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Whether in your work or personal life, good feedback is important to make everyone involved more self-aware. Self-awareness enables individuals to understand their strengths and weaknesses and work on addressing them accordingly.

Giving feedback can be a sensitive area. And giving good feedback can be tricky. Feedback for feedback’s sake should not be the goal. Feedback that is actually helpful to all parties is key.

Thankfully, it is possible to transform the quality of your feedback and ensure the individual receives the correct message. In this article, we’ll focus on feedback within a work environment.

What Constitutes Good Feedback?

Feedback can be positive or negative. But what is good feedback?

Feedback becomes good when it relays your intended message—whether positive or negative—in a respectful manner. You can identify good feedback when it possesses the following qualities.

Good feedback is clear in its message.

What is it you’re trying to convey to the receiver with your feedback? How excellent or mediocre was the receiver’s performance? Was there any gap between expected standards and delivered results?

Good feedback encourages the recipient to self-assess and introspect.

Good feedback does not deliver a judgment regarding the performance of the recipient. Instead, it gently prods the individual to self-assess his/her work, compare it with expected standards, and reach a reasonable conclusion.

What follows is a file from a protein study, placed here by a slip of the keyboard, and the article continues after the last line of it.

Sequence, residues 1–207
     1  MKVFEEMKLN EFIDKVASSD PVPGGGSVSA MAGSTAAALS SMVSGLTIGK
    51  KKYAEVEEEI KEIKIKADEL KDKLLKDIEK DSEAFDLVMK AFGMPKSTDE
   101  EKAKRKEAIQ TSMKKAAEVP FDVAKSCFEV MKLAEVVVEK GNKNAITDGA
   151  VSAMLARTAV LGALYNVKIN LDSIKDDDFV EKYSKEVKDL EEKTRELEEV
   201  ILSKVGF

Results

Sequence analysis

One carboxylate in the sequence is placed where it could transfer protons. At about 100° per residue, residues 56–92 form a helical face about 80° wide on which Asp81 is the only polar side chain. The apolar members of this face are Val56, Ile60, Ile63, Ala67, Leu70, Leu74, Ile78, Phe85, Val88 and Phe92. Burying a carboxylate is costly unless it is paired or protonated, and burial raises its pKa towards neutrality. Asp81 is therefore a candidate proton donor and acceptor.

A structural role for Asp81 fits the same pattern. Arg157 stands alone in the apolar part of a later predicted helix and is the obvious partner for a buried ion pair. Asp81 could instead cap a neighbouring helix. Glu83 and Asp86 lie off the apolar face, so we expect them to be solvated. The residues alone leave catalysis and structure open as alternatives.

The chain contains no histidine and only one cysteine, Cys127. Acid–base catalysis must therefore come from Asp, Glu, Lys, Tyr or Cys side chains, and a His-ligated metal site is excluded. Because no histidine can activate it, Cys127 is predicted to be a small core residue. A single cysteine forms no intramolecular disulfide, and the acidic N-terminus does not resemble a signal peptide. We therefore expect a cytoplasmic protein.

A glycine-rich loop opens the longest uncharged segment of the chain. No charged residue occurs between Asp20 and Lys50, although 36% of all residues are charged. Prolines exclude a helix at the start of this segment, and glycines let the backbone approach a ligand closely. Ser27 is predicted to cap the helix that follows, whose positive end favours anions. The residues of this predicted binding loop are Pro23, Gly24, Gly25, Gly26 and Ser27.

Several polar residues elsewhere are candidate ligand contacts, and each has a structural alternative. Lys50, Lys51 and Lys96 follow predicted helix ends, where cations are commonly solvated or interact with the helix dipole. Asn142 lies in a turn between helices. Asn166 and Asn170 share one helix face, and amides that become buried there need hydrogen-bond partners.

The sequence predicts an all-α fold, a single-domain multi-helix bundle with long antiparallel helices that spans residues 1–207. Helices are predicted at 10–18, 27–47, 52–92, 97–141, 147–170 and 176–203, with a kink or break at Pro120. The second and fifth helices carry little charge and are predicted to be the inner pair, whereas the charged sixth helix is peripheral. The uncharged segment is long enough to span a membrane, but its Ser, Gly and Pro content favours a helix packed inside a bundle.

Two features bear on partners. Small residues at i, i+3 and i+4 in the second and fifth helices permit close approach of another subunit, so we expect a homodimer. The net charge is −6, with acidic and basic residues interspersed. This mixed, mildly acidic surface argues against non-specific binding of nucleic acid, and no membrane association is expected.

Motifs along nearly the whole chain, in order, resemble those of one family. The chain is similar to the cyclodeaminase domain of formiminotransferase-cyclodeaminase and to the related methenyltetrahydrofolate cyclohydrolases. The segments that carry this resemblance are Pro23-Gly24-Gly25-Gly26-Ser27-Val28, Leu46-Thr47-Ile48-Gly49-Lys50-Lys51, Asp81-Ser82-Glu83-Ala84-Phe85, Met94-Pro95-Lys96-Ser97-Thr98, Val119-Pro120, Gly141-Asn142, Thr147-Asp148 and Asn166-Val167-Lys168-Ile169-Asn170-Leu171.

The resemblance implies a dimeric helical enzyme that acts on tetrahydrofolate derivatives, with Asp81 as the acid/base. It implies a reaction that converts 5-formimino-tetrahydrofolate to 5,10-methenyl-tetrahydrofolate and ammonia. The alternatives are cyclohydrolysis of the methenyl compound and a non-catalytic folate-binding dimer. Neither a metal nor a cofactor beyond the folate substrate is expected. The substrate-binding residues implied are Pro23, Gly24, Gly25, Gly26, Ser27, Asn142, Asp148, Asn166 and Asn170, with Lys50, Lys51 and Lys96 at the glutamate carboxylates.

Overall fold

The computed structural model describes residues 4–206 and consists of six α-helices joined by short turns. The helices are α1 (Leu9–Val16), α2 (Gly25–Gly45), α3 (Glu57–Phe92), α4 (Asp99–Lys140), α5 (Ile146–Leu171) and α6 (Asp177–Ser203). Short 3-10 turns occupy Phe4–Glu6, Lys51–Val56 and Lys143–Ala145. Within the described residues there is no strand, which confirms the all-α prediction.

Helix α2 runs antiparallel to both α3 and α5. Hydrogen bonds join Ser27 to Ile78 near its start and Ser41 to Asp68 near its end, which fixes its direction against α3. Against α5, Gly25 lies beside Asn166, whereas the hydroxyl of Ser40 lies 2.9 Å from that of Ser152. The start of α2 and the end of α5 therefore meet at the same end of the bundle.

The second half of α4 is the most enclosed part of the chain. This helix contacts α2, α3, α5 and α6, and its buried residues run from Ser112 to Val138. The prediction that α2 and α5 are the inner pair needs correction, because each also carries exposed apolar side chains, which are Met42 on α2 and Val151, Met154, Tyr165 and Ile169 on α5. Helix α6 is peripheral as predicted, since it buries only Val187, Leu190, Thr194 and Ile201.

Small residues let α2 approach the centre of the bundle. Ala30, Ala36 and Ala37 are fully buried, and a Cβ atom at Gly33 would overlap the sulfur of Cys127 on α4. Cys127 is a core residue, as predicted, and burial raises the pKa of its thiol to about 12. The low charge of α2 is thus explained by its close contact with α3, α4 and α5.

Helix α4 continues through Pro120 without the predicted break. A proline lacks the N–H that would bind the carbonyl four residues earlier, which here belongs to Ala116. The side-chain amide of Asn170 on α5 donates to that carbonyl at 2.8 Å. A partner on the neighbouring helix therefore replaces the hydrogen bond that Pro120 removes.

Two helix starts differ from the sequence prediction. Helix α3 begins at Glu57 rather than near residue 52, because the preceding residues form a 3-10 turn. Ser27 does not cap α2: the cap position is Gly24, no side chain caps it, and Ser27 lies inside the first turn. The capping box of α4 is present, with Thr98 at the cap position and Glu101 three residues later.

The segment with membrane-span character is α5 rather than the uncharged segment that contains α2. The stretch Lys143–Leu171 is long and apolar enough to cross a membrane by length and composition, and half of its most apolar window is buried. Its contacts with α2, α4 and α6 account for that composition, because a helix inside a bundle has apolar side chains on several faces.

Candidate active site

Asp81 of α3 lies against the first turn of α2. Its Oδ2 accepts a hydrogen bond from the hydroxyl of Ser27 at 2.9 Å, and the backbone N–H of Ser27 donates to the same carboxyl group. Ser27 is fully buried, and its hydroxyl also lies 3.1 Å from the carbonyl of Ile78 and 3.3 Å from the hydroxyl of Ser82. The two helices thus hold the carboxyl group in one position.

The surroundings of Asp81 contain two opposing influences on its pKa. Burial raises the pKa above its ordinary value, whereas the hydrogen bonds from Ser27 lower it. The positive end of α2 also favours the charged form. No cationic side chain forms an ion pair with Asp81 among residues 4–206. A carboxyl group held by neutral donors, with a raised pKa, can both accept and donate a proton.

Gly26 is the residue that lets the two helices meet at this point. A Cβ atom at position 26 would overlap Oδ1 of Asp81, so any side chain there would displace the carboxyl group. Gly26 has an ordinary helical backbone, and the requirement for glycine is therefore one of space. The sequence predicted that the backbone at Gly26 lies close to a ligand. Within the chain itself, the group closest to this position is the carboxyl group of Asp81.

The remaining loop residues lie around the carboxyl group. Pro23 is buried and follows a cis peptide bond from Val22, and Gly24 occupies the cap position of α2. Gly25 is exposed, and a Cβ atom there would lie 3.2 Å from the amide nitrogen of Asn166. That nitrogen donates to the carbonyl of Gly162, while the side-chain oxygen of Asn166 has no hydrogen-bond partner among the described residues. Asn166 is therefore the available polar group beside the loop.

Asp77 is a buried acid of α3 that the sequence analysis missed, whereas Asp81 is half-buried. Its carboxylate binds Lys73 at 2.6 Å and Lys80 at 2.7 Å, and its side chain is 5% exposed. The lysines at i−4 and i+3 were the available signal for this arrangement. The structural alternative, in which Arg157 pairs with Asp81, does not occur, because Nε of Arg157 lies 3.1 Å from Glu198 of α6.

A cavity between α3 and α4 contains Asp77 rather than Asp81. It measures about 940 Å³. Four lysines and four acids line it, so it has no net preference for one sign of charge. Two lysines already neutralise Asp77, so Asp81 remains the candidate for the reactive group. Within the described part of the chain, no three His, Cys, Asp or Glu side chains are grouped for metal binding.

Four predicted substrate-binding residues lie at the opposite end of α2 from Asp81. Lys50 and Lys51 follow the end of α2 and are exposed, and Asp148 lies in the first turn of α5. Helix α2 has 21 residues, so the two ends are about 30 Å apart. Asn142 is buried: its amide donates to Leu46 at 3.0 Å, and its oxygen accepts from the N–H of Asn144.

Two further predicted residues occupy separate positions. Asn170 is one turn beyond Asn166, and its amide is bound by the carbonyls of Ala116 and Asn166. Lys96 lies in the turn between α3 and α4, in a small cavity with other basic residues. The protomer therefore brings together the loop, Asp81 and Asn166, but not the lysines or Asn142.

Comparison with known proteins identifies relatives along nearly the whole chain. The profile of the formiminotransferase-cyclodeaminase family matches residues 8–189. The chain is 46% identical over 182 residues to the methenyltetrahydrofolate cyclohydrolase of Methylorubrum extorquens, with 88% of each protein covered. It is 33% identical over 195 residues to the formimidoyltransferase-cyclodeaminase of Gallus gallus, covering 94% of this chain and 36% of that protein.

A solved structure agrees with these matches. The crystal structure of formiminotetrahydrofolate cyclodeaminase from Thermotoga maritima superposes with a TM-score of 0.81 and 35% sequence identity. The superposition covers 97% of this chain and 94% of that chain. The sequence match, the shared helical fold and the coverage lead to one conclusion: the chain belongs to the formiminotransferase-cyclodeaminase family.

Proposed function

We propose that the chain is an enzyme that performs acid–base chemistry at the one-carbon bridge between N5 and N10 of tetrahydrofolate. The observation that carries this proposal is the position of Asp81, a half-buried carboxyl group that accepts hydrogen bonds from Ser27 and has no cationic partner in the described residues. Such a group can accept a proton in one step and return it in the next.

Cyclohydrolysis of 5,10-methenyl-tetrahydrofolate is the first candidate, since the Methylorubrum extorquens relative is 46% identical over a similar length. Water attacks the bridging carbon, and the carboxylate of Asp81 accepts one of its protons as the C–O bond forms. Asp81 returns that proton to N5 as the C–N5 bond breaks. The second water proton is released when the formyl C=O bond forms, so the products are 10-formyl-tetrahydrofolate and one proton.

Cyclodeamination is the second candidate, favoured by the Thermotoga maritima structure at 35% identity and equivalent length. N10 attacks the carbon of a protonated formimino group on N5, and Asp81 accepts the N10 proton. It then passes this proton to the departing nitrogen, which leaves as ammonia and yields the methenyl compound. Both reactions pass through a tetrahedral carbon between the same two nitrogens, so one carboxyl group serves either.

Good feedback is timely, comprehensive, and informative.

The purpose of good feedback is to motivate the recipient to grow. Leaders deliver good feedback immediately after a project. This way, recipients can rectify their mistakes or add more value to the task with their strengths.

Good feedback does not focus only on highlighting the strengths and weaknesses. It goes beyond that and informs team members how they can progress to expected organizational standards.

Good feedback also informs the recipient about opportunities accessible to him/her to achieve desired standards.

Good feedback serves as a motivational tool.

Good feedback does not erode the self-esteem of the recipient. It encourages them to feel positive about their work and performance and increases their self-confidence as well.

Good feedback achieves this objective by focusing more on the learning goals of the recipient than his/her performance.

Good feedback does not end with you communicating your message.

It is complete only with two-way dialogue. Good feedback encourages the recipient to put their perspective forward regarding your assessment of their performance.

Good feedback gives you insights into the challenges influencing your team’s performance. With team inputs, you can restructure your feedback to focus on aspects that are more reflective of your team’s performance.

Why Is Good Feedback Important?

  • Encourages better performance and quicker skill development
  • Appreciates true merit
  • Makes organizational goals clear to employees
  • Boosts employee morale and self-confidence
  • Serves as motivation for change
  • Helps identify minor work issues before they escalate into major problems
  • Demonstrates the most efficient way to communicate with others
  • Facilitates continuous learning
  • Enables the management to understand its workforce
  • Enables recipients to not only reach but also expand their potential
  • Transforms feedback givers into better leaders


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5 Tips for Giving Good Feedback

Given the significance of good feedback and the sensitiveness of the process, it’s important to prepare yourself to ensure that your feedback is constructive. Here are five tips to ensure that your feedback helps you achieve intended results.